By Alysia Urrutia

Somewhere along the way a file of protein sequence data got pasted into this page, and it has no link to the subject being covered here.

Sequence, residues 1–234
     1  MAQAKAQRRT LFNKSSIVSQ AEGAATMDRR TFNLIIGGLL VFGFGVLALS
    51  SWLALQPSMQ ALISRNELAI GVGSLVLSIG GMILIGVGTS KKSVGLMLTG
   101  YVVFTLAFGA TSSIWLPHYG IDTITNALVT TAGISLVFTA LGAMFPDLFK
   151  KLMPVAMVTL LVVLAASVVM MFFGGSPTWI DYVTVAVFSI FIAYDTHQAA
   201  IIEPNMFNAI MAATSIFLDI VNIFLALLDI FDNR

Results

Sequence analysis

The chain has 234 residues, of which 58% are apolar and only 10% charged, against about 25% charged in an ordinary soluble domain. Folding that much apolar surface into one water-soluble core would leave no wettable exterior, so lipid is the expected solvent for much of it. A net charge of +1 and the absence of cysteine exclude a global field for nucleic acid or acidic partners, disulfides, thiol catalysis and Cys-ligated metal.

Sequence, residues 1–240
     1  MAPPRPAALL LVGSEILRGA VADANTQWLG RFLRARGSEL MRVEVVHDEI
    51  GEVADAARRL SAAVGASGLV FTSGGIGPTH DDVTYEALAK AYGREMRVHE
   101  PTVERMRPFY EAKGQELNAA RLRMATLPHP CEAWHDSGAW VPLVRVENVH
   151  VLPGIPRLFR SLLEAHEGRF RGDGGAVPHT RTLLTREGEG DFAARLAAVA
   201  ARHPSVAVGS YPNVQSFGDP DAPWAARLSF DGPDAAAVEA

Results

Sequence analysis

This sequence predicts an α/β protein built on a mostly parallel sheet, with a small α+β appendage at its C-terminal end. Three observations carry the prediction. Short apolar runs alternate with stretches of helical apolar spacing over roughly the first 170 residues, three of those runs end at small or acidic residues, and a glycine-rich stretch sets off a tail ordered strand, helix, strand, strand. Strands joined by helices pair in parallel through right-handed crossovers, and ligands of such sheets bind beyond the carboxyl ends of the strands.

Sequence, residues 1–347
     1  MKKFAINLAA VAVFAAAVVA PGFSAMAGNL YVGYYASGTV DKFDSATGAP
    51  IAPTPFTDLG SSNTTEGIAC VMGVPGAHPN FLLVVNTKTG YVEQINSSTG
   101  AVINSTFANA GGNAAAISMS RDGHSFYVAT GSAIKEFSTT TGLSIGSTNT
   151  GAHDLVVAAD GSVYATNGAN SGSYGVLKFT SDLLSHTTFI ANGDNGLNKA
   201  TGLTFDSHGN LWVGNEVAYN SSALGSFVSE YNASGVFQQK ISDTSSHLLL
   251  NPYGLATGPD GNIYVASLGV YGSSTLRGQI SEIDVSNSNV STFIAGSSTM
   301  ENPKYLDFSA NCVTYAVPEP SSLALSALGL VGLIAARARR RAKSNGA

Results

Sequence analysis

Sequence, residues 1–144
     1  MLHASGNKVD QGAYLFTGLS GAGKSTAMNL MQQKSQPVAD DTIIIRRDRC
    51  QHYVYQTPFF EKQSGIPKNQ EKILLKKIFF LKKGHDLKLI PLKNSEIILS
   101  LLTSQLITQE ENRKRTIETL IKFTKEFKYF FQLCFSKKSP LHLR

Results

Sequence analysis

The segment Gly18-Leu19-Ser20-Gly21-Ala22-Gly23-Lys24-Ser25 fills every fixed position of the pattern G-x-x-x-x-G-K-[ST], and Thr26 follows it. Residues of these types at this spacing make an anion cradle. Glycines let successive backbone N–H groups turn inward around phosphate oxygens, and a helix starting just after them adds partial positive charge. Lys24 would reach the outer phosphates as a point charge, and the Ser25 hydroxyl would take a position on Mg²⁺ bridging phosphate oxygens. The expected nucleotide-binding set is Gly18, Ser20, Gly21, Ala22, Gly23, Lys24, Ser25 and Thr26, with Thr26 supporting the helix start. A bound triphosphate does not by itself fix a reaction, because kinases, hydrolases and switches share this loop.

Despite its patently patriotic title, Green White Green is surprisingly uncertain about what it means to be Nigerian. Beneath an almost prankish, David Attenborough-esque voiceover that sets up the sociopolitical backdrop, the film explores the potential of a new generation of young visionaries—imagine American Graffiti (1973) reworked as an articulation of contemporary Nigerian culture. The mosaic-like structure playfully juxtaposes a plethora of influences from both American blockbusters and the prolific Nollywood industry, a tactic that also extends to a richly diverse soundtrack that combines Beethoven’s Für Elise with modern techno pieces, as well as the script’s occasional offhand reference to Major Nzeogwu and Kim Kardashian alike. At times, Green White Green plays as a satirical stab at the self-styled, straight-to-video aesthetic that has proven workable for African filmmakers and popular among national audiences, while other segments seem merely amateurish down to their overacting, wonkily elliptical editing, and unpolished sound design. That Green White Green’s technical competence often resembles that of the students short film -within-the-film of the same name can be one of its charms—and a recurring inside joke for director Abba Makama to mine, like when the self-proclaimed director/executive producer/writer/lead actor/boom-mic operator forgets to take the lens off his camera before shooting. In spite of the intellectually undercooked coming-of-age storyline and the blaring clichés where fine art-inspired beasts symbolize national corruption, the film’s patriotism admirably aims beyond entertainment and makes use of the available tools, adequate or otherwise, to establish a cinematic identity of its own.